Disney Lays Off 28,000 at U.S. Theme Parks

Leslie Ignacio

Leslie Ignacio is dot.LA's editorial intern. She is a recent California State University, Northridge graduate and previously worked for El Nuevo Sol, Telemundo and NBC and was named a Chips Quinn Scholar in 2019. As a bilingual journalist, she focuses on covering diversity in news. She's a Los Angeles native who enjoys trips to Disneyland in her free time.

Disney Lays Off 28,000 at U.S. Theme Parks
upload.wikimedia.org

Disney is laying off 28,000 workers at its U.S. theme parks after the pandemic devastated Walt Disney World and kept Anaheim's Disneyland Resort shuttered for six months.

Disney Parks Chairman Josh D'Amaro said Tuesday that 67% of those being laid off from both Disney World and Disneyland are part-time employees.

"As difficult as this decision is today, we believe that the steps we are taking will enable us to emerge a more effective and efficient operation when we return to normal," said D'Amaro in a statement.

Disney World was able to open with a limited capacity in July, but Disneyland has been closed since March. D'Amaro took a jab at Gov. Gavin Newsom suggesting that his hand was forced by California's "unwillingness" to allow for the park to open.

On Tuesday, 19 state legislators pleaded with Newsom following calls from Anaheim's mayor to reopen the Disneyland and theme parks throughout California. They argued that parks can reopen safely but they are left in the dark as to which steps need to be followed for reopening.

The announcing statement also added that they are speaking to unions in order to know what steps are next for union-represented cast members.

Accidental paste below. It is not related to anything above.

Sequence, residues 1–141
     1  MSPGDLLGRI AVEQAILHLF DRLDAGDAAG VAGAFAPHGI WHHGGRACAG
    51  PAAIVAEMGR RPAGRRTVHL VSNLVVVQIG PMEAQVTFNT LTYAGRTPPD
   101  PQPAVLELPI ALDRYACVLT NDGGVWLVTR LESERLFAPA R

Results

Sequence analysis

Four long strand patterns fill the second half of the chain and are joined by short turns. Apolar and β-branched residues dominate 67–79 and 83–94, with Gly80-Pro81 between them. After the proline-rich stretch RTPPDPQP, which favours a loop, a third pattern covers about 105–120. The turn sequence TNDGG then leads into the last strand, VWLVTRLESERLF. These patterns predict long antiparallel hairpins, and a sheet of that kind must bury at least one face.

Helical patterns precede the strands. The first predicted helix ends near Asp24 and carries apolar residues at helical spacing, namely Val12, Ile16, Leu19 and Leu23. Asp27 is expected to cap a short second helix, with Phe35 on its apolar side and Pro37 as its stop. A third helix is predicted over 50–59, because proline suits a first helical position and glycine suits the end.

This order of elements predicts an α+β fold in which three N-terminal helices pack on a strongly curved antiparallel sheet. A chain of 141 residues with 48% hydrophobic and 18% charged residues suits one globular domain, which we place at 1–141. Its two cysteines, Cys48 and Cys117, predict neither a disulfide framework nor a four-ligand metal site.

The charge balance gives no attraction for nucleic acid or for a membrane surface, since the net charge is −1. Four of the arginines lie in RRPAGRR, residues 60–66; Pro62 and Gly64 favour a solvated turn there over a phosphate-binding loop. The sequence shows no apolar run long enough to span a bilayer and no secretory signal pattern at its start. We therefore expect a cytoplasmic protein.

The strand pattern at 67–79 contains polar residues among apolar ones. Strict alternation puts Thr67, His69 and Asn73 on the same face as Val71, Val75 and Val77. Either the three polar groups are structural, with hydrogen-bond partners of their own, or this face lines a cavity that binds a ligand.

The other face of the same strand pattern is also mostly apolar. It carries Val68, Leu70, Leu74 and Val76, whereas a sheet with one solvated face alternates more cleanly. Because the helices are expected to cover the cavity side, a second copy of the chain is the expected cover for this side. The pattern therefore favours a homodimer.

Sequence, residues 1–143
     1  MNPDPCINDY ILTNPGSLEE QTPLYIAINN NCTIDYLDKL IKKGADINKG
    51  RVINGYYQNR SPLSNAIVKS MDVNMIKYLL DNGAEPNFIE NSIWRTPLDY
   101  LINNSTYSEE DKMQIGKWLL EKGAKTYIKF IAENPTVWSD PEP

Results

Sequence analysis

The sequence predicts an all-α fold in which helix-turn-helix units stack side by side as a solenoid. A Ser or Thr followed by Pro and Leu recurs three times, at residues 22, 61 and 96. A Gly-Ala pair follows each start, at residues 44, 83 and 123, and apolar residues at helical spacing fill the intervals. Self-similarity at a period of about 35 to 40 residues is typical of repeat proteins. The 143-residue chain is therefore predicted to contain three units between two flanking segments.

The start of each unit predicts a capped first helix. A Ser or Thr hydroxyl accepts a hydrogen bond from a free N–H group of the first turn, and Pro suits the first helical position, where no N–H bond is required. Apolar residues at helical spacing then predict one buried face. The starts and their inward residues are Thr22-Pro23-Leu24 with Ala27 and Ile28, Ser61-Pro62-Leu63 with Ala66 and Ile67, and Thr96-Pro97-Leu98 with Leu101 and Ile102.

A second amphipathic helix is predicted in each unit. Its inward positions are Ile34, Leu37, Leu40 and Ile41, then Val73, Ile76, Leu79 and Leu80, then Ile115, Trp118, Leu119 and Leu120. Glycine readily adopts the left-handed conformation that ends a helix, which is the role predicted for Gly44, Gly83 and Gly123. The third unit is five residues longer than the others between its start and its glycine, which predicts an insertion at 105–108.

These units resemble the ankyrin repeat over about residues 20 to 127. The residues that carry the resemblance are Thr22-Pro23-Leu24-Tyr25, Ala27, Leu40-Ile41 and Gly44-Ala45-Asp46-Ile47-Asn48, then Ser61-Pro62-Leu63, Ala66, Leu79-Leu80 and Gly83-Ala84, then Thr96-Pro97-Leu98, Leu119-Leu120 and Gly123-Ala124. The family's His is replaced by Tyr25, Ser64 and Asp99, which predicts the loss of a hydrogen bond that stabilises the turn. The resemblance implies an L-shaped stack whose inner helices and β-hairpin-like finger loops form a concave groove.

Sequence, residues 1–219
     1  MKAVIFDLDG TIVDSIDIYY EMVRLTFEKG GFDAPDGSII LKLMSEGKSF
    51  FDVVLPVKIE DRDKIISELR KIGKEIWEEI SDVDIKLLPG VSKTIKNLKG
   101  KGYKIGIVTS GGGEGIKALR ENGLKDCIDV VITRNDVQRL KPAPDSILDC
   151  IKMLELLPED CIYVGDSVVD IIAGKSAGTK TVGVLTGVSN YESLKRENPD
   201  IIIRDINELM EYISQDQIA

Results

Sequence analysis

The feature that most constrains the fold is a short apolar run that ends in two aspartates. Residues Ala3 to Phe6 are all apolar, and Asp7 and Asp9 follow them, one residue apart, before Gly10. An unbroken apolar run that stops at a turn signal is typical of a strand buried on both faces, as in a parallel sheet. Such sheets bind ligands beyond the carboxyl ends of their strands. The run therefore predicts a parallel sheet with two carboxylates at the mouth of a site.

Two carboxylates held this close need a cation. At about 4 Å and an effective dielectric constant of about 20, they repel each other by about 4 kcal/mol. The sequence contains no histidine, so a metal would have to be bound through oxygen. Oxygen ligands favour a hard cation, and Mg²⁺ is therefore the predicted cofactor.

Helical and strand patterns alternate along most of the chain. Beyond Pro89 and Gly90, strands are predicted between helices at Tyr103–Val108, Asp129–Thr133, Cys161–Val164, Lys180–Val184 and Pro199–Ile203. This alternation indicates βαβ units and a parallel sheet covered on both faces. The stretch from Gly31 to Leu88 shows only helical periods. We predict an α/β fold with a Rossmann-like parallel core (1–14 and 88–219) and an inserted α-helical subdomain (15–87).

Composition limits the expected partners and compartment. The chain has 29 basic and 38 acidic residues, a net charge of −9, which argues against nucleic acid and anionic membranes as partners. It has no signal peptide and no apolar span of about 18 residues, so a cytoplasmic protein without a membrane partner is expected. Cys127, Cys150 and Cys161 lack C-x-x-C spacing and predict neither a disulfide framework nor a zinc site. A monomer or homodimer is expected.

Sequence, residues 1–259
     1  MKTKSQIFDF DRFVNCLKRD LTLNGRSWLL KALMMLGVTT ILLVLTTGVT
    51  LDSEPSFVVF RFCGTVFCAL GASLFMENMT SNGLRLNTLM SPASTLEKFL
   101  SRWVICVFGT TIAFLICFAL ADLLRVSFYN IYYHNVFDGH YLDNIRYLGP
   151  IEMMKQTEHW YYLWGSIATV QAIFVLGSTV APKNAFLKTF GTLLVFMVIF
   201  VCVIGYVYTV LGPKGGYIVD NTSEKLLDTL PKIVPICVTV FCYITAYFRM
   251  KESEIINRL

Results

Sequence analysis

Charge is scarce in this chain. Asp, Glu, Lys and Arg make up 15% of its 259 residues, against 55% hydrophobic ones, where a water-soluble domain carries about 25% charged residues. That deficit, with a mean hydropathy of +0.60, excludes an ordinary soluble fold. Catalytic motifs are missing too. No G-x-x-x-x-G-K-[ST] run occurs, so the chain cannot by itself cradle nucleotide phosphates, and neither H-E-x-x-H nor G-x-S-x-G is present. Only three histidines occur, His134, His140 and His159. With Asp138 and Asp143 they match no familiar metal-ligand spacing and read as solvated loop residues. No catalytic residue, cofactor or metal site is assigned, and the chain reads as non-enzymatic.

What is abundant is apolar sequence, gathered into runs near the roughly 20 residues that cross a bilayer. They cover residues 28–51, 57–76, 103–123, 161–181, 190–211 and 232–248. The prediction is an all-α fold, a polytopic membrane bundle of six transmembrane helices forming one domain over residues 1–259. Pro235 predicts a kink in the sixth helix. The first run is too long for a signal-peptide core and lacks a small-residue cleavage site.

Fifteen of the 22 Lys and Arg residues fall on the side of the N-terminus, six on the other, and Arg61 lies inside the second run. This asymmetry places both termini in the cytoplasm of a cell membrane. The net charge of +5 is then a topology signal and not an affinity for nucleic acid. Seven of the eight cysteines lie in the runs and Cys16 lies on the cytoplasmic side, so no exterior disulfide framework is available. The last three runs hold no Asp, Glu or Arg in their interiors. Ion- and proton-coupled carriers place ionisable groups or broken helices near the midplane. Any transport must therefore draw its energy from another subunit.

Disney's third quarter earnings showed an 85% drop in revenues to $2 billion from the company's parks, experiences and products division compared to the same period last year.

Subscribe to our newsletter to catch every headline.

Cadence

How These Ukranian Entrepreneurs Relocated Their Startups to LA and Found Success

Aisha Counts
Aisha Counts is a business reporter covering the technology industry. She has written extensively about tech giants, emerging technologies, startups and venture capital. Before becoming a journalist she spent several years as a management consultant at Ernst & Young.
How These Ukranian Entrepreneurs Relocated Their Startups to LA and Found Success
Joey Mota

Fleeing war and chasing new opportunities, more than a dozen Ukrainian entrepreneurs have landed in Los Angeles, finding an unexpected community in the city of dreams. These entrepreneurs have started companies that are collectively worth more than $300 million, in industries ranging from electric vehicle charging stations to audience monetization platforms to social networks.

Dot.LA spent an evening with this group of Ukrainian citizens, learning what it was like to build startups in Ukraine, to cope with the unimaginable fear of fleeing war, and to garner the resilience to rebuild.

Read moreShow less

Snap’s Fourth Quarter Revenue Was the Company’s Slowest Growth Since Its IPO Six Years Ago

Samson Amore

Samson Amore is a reporter for dot.LA. He holds a degree in journalism from Emerson College and previously covered technology and entertainment for TheWrap and reported on the SoCal startup scene for the Los Angeles Business Journal. Send tips or pitches to samsonamore@dot.la and find him on Twitter @Samsonamore.

​Snap logo over a bunch of snap shots
Sebastian Miño-Bucheli

Snap Inc.’s trend of growing its user base but failing to adequately monetize them continues.

Read moreShow less
https://twitter.com/samsonamore
samsonamore@dot.la
RELATEDEDITOR'S PICKS
LA TECH JOBS
interchangeLA
Trending